Book Discussions

Please Join Us  .  .  .

March 18, 2018
2-4 pm

The book selection is The Nature Fix by Florence Williams.

An intrepid investigation into nature’s restorative benefits by a prize-winning author.

For centuries, poets and philosophers extolled the benefits of a walk in the woods: Beethoven drew inspiration from rocks and trees; Wordsworth composed while tromping over the heath; and Nikola Tesla conceived the electric motor while visiting a park. Intrigued by our storied renewal in the natural world, Florence Williams set out to uncover the science behind nature’s positive effects on the brain.

In this informative and entertaining account, Williams investigates cutting-edge research as she travels to fragrant cypress forests in Korea to meet the rangers who administer “forest healing programs,” to the green hills of Scotland and its “ecotherapeutic” approach to caring for the mentally ill, to a river trip in Idaho with Iraqi vets suffering from PTSD, to the West Virginia mountains where she discovers how being outside helps children with ADHD. The Nature Fix demonstrates that our connection to nature is much more important to our cognition than we think and that even small amounts of exposure to the living world can improve our creativity and enhance our mood. In prose that is incisive, witty, and urgent, Williams shows how time in nature is not a luxury but is in fact essential to our humanity. As our modern lives shift dramatically indoors, these ideas―and the answers they yield―are more urgent than ever. (Amazon.com)

Please join Mount Union Librarian Cheryl Paine, and Deborah Daskalov to discuss the ideas presented in The Nature Fix. Check with a local library or bookstore for “The Nature Fix” by Florence Williams.

The book discussion will be from 2-3 pm. Light refreshments will be served. Afterwards, Beech Creek Education Coordinator, Nancy Baker-Cezan, will lead the group in a guided hike from 3-4 pm. Nancy will take the group to off-trail locations so participants can be completely immersed in nature.

FREE event

Please note, the guided hike is free for those who take part in the book discussion. If you do not engage with the book discussion, but would like to participate in the guided hike, the admission is $3 per person, ages 0-2 free, members free.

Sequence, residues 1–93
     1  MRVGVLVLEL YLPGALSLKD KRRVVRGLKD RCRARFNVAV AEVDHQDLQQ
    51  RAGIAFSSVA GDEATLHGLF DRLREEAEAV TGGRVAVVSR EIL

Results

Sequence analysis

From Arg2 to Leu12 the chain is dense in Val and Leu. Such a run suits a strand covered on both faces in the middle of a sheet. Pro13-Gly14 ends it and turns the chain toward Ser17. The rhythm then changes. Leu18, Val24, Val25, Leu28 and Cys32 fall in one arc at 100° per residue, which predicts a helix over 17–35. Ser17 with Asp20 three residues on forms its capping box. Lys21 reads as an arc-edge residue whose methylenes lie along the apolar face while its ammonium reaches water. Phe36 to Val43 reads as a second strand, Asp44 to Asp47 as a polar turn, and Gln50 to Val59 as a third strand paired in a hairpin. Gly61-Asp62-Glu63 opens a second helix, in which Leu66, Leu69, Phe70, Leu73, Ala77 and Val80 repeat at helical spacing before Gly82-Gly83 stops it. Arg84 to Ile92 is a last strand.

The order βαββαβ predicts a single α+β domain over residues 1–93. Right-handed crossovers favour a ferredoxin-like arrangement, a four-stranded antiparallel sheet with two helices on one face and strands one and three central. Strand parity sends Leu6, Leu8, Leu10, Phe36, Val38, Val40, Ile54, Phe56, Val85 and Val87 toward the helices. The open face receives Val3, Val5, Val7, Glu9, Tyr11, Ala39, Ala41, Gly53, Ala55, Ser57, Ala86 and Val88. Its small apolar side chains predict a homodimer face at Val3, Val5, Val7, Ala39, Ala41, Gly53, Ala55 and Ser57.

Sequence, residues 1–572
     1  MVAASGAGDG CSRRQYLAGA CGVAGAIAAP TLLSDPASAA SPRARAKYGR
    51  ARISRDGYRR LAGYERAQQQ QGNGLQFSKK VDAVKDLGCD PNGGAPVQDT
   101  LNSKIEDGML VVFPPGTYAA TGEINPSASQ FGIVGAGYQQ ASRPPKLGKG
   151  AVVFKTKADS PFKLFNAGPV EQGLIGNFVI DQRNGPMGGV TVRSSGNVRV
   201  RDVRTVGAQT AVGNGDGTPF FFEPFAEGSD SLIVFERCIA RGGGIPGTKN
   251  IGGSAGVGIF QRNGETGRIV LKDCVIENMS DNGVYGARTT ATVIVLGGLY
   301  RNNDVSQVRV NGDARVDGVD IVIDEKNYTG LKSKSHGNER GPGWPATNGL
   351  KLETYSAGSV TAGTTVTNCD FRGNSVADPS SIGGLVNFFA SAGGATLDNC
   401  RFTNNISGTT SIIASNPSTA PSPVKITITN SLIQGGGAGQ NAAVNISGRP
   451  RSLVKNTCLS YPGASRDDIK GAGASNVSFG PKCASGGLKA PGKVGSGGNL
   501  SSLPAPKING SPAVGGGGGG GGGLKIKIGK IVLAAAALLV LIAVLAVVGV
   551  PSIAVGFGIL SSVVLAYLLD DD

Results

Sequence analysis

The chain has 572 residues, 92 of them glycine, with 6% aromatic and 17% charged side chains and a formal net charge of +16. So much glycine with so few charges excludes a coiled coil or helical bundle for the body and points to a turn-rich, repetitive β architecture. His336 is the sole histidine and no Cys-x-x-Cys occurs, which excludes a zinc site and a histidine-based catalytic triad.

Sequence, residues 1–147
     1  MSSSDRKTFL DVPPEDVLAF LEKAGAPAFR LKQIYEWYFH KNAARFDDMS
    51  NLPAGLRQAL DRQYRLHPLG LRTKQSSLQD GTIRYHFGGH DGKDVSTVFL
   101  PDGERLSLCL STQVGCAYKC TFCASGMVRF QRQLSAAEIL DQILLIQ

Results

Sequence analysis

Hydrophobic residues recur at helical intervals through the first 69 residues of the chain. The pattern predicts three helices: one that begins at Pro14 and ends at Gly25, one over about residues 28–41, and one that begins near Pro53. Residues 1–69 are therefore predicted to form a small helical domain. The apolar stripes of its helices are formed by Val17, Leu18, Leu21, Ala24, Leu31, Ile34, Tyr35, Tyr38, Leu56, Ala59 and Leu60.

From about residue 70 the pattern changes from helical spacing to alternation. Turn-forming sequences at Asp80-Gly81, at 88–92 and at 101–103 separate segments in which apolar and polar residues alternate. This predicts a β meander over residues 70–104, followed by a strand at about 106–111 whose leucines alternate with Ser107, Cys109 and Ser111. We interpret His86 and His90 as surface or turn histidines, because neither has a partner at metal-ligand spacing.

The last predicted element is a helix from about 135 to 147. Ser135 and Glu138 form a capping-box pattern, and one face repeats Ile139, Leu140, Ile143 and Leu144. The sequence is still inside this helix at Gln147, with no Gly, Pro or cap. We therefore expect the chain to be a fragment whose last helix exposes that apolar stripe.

August 12, 2018
2-4 pm

The book selection is Braiding Sweetgrass: Indigenous Wisdom, Scientific Knowledge and the Teachings of Plants by Robin Wall Kimmerer.

Called the work of “a mesmerizing storyteller with deep compassion and memorable prose” (Publishers Weekly) and the book that, “anyone interested in natural history, botany, protecting nature, or Native American culture will love,” by Library Journal, Braiding Sweetgrass is poised to be a classic of nature writing. As a botanist, Robin Wall Kimmerer asks questions of nature with the tools of science. As a member of the Citizen Potawatomi Nation, she embraces indigenous teachings that consider plants and animals to be our oldest teachers. Kimmerer brings these two lenses of knowledge together to take “us on a journey that is every bit as mythic as it is scientific, as sacred as it is historical, as clever as it is wise” (Elizabeth Gilbert). Drawing on her life as an indigenous scientist, a mother, and a woman, Kimmerer shows how other living beings offer us gifts and lessons, even if we’ve forgotten how to hear their voices. (Amazon.com)

Please join Mount Union Librarian Cheryl Paine to discuss the ideas presented in Braiding Sweetgrass. Check with a local library or bookstore for “Braiding Sweetgrass” by Robin Wall Kimmerer.

The book discussion will be from 2-4 pm. Light refreshments will be served.

FREE event

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